6 Things I Forgot about Heli-Hiking, Continued
Well, as I said in my blog a week or so ago, I didn’t really forget these six things; they just re-announced themselves cheerily as soon as we got back into the Heli-Hiking curriculum.
Seriously memorious readers of The Adventure may recall that the first two-and-a-half things I sort of forgot were: 1) Just how on the ball and charming CMH’s staff is. (And not just in the air and in the lodges. Quick story: I have a trusty old Tyrolean-style hat, festooned with pins from places I’ve visited around the world. We were up in the Bobbie Burns on our Lodge to Lodge hike to the Bugaboos when a spunky little squall forced us to shelter behind some rocks. Somewhere between re-layering and zipping and fiddling around in my pack, that well-traveled hat zipped off into the ether. I was sure it was lost, destined to become an archeological oddity. A couple of weeks later we got a call from CMH. The hat was (amazingly) found, it was lovingly transferred from the glorious Alpine down, down to Banff, where it was carefully packaged and FedExed down, down to the Northern California Wine Country where it is normally stationed. My thanks to the sparky and efficient CMH office staff!)
And, 2) I’d kind of forgotten how much fun (and how unobtrusive) the helicopters are. (I have an English friend who always accuses me of being a Boy’s-Own-Adventure junkie. But those super-cool helicopters: wow!)
And then I got into 3) The world-classness of CMH’s guides. Their excellence at natural historying, their alert leadership, and their ability to engage with their clients. Here’s what I’d like to add: If CMH devoted one of their lodges exclusively to climbing and mountaineering guests, and staffed it with a cross-section of its guides-who-are-climbers, that lodge would immediately become North America’s--heck, the Western Hemisphere's--number one guided-climbing destination. I’m pretty familiar with guided climbing in this half of the world, but if you think I’m wrong, tell me (and if you think it’s an interesting idea, tell CMH). So, take a bunch of talented, rigorously trained guides, add a stunning collection of climber-infatuating mountains, throw in the range and ease-of-approach of helicopters, and you’d have an absolute sensation.
On to 4), the lodges.
Whenever I grab people by the lapels and begin raving about Heli-Hiking, one of the (largely American) prejudices I seek to smash is that a “wilderness lodge” is either a Coleman-lanterny shack, or it’s an overblown mega-resort with naturish pretensions.
To me, CMH’s lodges--I’ve Heli-Hiked out of six of them over the years--qualify as wilderness-based; there’s not much, if anything, but very naturish nature for miles all around. (One of CMH’s marketing challenges has always been that Heli-Hiking, as invented and practiced by CMH, is impossible to imagine in the United States; I hope to blog about this in detail soon. But when I’m on a proselytizing roll, I sometimes make the not-entirely-crazy claim that “Heading north from Bugaboos, CMH’s southernmost lodge, it’s just wilderness, pure forest, tundra, and ice wilderness, all the way to the North Pole!”).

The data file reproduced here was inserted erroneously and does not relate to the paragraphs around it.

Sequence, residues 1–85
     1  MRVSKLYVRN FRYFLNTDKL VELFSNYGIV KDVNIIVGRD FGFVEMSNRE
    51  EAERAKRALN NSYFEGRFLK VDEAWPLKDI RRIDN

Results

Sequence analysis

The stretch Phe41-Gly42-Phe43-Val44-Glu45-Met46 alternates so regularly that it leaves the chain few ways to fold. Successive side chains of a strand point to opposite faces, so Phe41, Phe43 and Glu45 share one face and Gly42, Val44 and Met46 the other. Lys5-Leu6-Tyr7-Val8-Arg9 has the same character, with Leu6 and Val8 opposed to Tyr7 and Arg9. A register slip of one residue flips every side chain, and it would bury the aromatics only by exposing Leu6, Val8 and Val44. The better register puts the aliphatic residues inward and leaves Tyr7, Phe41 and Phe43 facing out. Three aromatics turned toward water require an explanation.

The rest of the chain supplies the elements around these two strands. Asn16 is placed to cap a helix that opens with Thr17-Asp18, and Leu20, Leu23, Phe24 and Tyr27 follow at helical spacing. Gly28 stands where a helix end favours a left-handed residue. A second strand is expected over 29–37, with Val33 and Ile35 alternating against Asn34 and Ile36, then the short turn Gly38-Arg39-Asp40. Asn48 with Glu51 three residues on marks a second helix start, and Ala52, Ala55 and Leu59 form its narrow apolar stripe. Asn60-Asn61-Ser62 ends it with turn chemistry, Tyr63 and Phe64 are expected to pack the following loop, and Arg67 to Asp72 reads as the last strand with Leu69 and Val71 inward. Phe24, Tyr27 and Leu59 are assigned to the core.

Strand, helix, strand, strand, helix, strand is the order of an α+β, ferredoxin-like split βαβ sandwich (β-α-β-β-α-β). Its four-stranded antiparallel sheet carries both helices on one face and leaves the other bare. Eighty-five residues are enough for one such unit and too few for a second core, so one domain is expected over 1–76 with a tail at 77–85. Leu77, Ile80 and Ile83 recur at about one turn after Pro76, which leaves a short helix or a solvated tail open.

(And, of course, within seconds of walking into one of the lodges, you know with concrete certainty that this is no shack.)
I admire CMH’s lodges for the intelligence and crafty unpretentiousness of their design, on a macro and a micro level. The big picture: The common rooms are airy, commodious, and warm, good places to settle into an armchair for a chat, or to scarf up hors d’oeuvres after a day’s hiking. And then there’s the inspired CMH tradition of bringing guests together in family-style dining (with staff; this is a brilliant, bonding touch). And on a micro level: The rooms are specifically, and subtly designed for Heli-Hikers and Heli-Skiers (as opposed to passers-through). They’re simple but inviting, easy to navigate, luxurious in that all you need is right at hand.
The lodges exude what CMHers call "huettenzauber", a German word that means "Hut Magic" or as I like to say "you’ve got to be in a real funk not to feel heartily welcomed."
5) I was pleased to be reminded that my fellow Heli-Hikers are invariably a pretty interesting bunch. And how fun it is to trade travel stories and hiking stories and just plain stories with people from all over the place. And to share the world-unique Heli-Hiking experience in such an informal, small d democratic environment.
On our last Heli-Hike we hung out with a fascinating couple from innermost Manhattan and a couple of hiking fans from Hong Kong. (I made a rash statement one day--one of the few I’ve ever made, you’ll be glad to know. I called some sylvan spot, “The place on earth least like Hong Kong” (a place that entrances me, by the way). They reminded me that Hong Kong is not utterly urban (and just now, thanks to the miracle of the internet, I learn that “70 percent of Hong Kong is undeveloped open land, 40 percent of it officially preserved in 23 Country Parks, four marine sanctuaries and four major hiking trails.”) You can learn a lot from CMH’s cosmopolitan clientele but, more importantly, you’re likely to meet new friends.
6) I’m running out of steam here, and you probably are, too, so I think I’ll save the sixth Thing I Forgot About Heli-Hiking for another time. In case you’re curious, it’s incontestably the A Number One best thing about Heli-Hiking….
Editor's Note: What do you think are the best things about Heli-Hiking? Share them here!
Photo: Guests getting ready for their first helicopter flight of the day at the Bobbie Burns Lodge by Topher Donahue.